Tracy Bowden did, however, attempt to raise awareness of the often unidentified and untreated disorder in her report on the repercussions of self-harm that was aired for the 7.30 Report in October 2002. While the piece was originally supported by visual images, I think the report came across a little confusingly. The two people that Bowden chose to interview as examples of people who self-mutilate were described as a convicted violent criminal and a ‘robotic character’ who used to work as a living mannequin at Expo in Brisbane (Bowden 2002); choices that I think could be rather misleading in representing the demographic most at risk of taking on this behavior.

Perhaps the most realistic and accurate way to get a true sense of the issue of self-mutilation is to look at the writing of those who have actually experienced it. The Mental Health Resources website includes several personal accounts in order to help create understanding and show self-mutilators that they are not alone. The writer of Tomorrow I’ll Be Better (Anonymous) uses similes to attempt to describe feelings that she did not know how to express, and shows us her state of mind through her self-contradicting mental reasoning and attempts to justify herself by challenging ideologies. Maybe it could be helpful for the medical profession to develop a more empathic viewpoint through the study of writings such as this in the course of their training, as has been done in some surgeons’ training using Richard Selzer’s The Knife (1995).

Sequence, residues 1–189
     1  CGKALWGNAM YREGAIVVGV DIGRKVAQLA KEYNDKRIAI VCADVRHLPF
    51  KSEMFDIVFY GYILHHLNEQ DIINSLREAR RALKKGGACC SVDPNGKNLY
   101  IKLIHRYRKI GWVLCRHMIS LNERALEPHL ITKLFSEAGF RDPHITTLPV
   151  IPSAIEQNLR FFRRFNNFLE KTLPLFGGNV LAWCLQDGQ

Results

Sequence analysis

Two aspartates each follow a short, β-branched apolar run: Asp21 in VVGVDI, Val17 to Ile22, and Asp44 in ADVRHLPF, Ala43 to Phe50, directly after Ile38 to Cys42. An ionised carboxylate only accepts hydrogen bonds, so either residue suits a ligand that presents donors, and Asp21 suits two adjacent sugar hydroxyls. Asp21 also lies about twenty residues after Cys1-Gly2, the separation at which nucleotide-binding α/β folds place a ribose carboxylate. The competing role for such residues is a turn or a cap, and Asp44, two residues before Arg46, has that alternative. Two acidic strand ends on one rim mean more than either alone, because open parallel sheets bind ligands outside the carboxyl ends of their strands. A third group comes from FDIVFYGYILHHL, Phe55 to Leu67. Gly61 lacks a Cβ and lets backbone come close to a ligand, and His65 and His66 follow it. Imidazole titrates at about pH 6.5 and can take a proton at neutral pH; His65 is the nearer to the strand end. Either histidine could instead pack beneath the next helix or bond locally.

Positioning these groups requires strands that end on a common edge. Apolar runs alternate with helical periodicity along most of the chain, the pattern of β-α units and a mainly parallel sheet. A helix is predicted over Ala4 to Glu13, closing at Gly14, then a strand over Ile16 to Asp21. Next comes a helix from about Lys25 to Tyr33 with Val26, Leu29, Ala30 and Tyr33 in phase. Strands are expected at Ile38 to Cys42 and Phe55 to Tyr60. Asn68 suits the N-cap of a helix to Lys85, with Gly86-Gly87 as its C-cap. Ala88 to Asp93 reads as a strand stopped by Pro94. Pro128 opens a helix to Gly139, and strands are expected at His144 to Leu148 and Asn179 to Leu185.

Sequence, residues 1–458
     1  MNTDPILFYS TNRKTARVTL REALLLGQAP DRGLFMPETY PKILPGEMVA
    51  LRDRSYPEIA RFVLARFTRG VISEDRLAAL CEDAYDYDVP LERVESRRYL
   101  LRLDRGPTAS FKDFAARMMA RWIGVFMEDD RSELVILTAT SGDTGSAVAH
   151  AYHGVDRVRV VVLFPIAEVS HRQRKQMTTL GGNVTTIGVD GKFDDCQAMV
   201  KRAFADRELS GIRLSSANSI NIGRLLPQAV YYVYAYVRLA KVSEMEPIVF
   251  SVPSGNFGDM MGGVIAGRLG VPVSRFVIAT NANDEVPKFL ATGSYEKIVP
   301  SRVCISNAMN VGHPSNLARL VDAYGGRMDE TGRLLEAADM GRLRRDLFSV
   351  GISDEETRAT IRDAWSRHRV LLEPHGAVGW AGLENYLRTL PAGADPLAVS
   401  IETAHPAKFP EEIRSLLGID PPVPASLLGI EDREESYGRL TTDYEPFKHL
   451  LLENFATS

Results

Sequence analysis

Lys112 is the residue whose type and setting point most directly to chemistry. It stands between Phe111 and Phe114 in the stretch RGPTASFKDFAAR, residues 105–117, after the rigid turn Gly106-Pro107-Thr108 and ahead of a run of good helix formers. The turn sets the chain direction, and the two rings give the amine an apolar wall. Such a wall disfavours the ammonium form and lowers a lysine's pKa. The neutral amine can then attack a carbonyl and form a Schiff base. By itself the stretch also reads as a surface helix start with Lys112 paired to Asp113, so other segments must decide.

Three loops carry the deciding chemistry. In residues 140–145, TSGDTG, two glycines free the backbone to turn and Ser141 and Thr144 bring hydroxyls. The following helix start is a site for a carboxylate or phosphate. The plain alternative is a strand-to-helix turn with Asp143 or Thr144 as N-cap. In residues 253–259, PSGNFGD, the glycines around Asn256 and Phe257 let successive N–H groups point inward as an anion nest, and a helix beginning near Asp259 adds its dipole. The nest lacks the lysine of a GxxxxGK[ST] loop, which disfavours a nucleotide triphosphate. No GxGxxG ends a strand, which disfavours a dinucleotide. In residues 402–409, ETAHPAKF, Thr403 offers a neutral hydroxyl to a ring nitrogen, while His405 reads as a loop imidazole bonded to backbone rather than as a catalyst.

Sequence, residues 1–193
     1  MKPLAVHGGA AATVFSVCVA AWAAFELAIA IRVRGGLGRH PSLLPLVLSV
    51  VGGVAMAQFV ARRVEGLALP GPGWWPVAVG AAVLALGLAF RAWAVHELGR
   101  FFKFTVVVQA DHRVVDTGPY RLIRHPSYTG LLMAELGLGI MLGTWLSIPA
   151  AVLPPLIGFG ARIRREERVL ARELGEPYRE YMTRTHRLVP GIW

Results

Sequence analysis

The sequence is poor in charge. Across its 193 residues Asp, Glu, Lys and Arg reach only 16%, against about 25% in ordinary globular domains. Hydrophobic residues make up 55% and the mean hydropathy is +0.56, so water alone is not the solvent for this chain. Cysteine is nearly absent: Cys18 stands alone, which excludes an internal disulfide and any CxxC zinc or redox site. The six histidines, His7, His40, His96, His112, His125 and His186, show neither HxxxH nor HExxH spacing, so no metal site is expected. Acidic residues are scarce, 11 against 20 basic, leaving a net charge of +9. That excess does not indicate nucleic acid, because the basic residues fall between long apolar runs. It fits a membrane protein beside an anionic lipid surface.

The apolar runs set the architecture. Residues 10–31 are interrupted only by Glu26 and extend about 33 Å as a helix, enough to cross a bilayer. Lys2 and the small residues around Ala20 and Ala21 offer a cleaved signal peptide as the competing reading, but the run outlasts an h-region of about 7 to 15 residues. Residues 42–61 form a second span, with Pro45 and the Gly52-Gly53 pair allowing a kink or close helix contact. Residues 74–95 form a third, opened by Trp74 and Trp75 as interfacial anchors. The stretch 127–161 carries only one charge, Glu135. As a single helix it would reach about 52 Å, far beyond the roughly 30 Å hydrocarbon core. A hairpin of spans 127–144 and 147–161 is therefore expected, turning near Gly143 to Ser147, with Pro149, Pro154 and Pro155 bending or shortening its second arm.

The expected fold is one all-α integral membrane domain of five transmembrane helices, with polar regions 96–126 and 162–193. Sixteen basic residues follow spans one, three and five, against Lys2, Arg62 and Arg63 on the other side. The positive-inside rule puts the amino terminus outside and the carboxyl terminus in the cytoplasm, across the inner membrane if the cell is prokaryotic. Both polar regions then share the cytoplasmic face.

In regards to raising awareness within the general public to aid the suppression of the social stigma that is associated with self-mutilation, perhaps thirteen-year-old Nikki Reed’s semi-autobiographical film can also have a role to play. While the ‘off the rails’ teenaged girls in the film Thirteen are exaggerated characters, the confronting and controversial nature of the film can at least bring about some discussion of the real issues, including self-mutilation, facing today’s teenagers (McKenna 2003). The response to the film when it was first released tended to be one of shock, but as a 21-year-old myself, I identify more with Reed when she says she is surprised by this response, as this is simply what is going on around us and can seem ‘normal for today’ to many teens (McKenna 2003).